Nerdy Girl's Book Recommendations

In a recent comment to my book review of Downshadow by Erik Scott DeBie, Devin asked for recommendations for game fiction. I can think of a few good ones, so I thought instead of responding as a comment I would just make a general post, that way everyone can see them.

Ok, here goes (though it's not in order):

"Neversfall: The Citadels" by Ed Gentry is a pretty good one. It's a good, quick read that's captivating without being too intense. It gathers together the good things about the Forgotten Realms and puts them in front of you without making you choose the parts that you want to read. I liked it. I kept it instead of taking it to Half Price. That means a lot with me.

"Obsidian Ridge: The Citadels" by Jess Lebow has to be one of the best ones that I have read yet in the Forgotten Realms series. It is leading and misleading with it's characters. Said characters are interesting and intriguing, without being whiny or tiresome. I loved this one enough that I might read it again once I let more of it leak from my memory.

"Swordmage: Blade of the Moonsea" by Richard Baker
was pretty good. It was a little slow in places, but I enjoyed it. Even though there wasn't as much sword play as I would normally like in a Forgotten Realms, book I found that the parts where it was slower were still engaging enough that I didn't really notice. The second book in this series just came out in hardback, but I am waiting for either the hardback to pop up at Half Price or the paperback to come out.

"The Fanged Crown: The Wilds: by Jenna Helland
is another one of the ones that I really enjoyed. The main character is snide and enjoyable in his banter with his friend, who is also witty and fun to read. The story is good and engaging, while being a quick read. It also involves lost civilisations, which is always a good thing for me.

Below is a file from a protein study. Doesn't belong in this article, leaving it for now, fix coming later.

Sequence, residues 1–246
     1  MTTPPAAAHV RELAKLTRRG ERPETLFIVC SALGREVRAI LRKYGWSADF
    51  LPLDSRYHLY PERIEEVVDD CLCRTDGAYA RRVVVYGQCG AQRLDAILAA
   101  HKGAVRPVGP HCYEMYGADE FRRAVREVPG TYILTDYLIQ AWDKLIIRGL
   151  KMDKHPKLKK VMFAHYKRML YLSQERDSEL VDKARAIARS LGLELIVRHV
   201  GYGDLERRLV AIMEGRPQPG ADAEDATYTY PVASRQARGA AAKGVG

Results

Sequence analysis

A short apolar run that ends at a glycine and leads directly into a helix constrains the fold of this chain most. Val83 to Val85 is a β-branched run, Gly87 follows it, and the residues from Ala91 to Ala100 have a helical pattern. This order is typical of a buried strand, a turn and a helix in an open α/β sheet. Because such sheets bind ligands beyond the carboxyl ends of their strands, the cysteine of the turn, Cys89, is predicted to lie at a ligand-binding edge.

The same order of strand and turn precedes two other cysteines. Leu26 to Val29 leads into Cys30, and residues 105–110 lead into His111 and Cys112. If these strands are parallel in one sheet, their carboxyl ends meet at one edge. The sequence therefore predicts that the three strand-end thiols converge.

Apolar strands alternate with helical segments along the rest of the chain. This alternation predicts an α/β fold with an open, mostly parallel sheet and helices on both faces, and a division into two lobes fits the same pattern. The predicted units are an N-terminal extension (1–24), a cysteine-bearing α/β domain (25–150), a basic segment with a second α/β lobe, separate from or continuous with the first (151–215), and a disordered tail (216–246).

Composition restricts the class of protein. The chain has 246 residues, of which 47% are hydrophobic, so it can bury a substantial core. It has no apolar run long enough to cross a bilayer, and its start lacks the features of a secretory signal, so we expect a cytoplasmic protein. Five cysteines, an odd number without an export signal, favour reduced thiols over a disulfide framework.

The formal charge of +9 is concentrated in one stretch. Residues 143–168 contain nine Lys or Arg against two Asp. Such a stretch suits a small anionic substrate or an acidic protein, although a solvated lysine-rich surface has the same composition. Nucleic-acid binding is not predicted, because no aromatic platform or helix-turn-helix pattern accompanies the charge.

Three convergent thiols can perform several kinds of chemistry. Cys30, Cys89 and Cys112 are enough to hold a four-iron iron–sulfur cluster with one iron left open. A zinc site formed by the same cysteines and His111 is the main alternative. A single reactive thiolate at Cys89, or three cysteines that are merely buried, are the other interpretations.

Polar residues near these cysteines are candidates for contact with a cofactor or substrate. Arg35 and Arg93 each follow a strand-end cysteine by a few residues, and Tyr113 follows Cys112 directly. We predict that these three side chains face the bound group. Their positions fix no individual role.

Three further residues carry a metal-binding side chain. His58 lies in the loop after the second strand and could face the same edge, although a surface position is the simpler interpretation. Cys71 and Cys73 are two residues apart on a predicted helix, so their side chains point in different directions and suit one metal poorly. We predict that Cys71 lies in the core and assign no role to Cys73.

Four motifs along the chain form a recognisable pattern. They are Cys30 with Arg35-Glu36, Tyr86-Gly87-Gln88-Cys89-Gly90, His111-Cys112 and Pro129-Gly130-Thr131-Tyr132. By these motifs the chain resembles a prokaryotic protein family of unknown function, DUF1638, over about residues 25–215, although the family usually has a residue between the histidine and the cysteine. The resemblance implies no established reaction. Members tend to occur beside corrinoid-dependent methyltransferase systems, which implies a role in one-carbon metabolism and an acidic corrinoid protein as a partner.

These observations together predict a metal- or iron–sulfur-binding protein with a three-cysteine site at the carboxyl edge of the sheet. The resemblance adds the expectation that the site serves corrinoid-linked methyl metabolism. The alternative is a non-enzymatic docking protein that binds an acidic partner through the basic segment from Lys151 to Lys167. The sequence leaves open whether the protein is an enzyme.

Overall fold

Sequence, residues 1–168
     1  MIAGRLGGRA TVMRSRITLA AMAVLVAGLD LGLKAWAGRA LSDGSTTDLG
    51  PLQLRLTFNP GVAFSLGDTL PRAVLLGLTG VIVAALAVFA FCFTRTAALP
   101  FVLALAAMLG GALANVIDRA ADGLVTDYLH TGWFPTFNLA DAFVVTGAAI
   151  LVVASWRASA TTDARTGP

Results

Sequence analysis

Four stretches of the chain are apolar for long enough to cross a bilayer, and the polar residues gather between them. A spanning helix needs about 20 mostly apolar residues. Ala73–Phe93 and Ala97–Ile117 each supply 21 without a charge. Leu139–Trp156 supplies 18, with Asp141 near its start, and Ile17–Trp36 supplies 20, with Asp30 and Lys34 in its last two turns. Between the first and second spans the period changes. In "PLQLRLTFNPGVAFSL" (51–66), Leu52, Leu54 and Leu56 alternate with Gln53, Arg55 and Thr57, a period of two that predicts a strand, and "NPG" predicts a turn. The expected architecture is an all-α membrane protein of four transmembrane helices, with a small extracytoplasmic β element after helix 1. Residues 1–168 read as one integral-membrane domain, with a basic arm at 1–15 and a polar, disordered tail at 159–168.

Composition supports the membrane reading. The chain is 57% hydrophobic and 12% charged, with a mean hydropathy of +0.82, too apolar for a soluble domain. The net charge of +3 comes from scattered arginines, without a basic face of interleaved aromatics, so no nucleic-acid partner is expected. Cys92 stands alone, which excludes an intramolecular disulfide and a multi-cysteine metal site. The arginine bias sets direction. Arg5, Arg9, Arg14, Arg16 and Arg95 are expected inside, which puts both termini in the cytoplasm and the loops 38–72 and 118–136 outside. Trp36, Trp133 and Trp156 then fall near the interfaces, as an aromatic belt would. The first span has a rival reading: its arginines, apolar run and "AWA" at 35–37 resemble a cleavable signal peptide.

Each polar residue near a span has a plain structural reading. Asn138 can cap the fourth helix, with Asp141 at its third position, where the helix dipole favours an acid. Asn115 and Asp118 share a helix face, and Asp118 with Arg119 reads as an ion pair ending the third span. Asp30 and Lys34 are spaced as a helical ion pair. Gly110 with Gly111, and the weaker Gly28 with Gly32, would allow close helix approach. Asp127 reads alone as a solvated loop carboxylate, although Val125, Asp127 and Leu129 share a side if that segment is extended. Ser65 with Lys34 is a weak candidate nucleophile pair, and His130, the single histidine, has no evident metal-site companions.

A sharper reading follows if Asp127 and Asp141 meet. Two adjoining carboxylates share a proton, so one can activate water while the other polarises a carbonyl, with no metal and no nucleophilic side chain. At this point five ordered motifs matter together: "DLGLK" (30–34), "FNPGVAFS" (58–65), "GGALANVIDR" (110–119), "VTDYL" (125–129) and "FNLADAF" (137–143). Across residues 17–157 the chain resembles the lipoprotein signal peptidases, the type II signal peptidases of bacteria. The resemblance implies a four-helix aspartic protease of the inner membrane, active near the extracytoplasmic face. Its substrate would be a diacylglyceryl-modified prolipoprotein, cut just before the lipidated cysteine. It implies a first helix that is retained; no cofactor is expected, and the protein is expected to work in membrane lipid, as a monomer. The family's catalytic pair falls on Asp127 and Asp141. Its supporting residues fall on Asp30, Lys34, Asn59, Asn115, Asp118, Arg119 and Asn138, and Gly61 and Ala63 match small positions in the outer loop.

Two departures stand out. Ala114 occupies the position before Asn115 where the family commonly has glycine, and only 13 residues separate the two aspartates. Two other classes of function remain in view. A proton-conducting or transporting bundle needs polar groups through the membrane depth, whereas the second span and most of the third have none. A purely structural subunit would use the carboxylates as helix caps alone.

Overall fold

"Crypt of the Moaning Diamond" by Rosemary Jones was very fun. This was the first one that I picked up when I decided to start reading Forgotten Realms fiction. I loved it. The main character is a lot like one that I would have created for a game and that really drew me into it. I like the strong female warrior character type. The story was good without being too deep, so I didn't really have to think a lot - no flipping back through to find a place that explained something. I highly recommend this one.

"The Crimson Gold: Rogues Book 3" by Voronica Whitney-Robinson was the first one out of the series that I read. It doesn't look like any of the series actually is connected when it comes to the characters, so I don't think that I missed anything in the Rogues series. This book was pretty decent. I enjoyed the interaction between the main characters, though I was a little disappointed in the conclusion of the Prologue, but after further reading, I see where it went.

"Sands of the Soul: Sembia" by Voronica Whitney-Robinson I picked up at Half Price not realizing that it had same characters as "The Crimson Gold" and not be part of the same series. It was kind of nice to read more with the characters in it since they were engaging in the first story.

"Lord of Stormweather: Sembia" by David Gross
follows more of the family of the previous two. There are more book in this series, though I haven't gotten them yet. I'll check Half Price later on when I go up there in July. Anyhow, it was enjoyable, though a little slow since there wasn't a whole lot in the way of action. It involves several characters and some of them don't get a lot of chapter-time so you start to wonder what happened to them after a while. Then the next chapter is about them.

These are the ones that I have read recently and enjoyed. I hope that anyone else who reads them enjoys them as well.


Devin said...

Cool! Thanks for the recommendations. Just in time for some summer throwaway reading.

I think it's odd that a book titled Swordmage doesn't have much sword-play in it...

romana1 said...

Swordmage has some good swordplay in it, but I enjoyed it mostly cause of the nemesis.

Amber By Design Blog Design by Ipietoon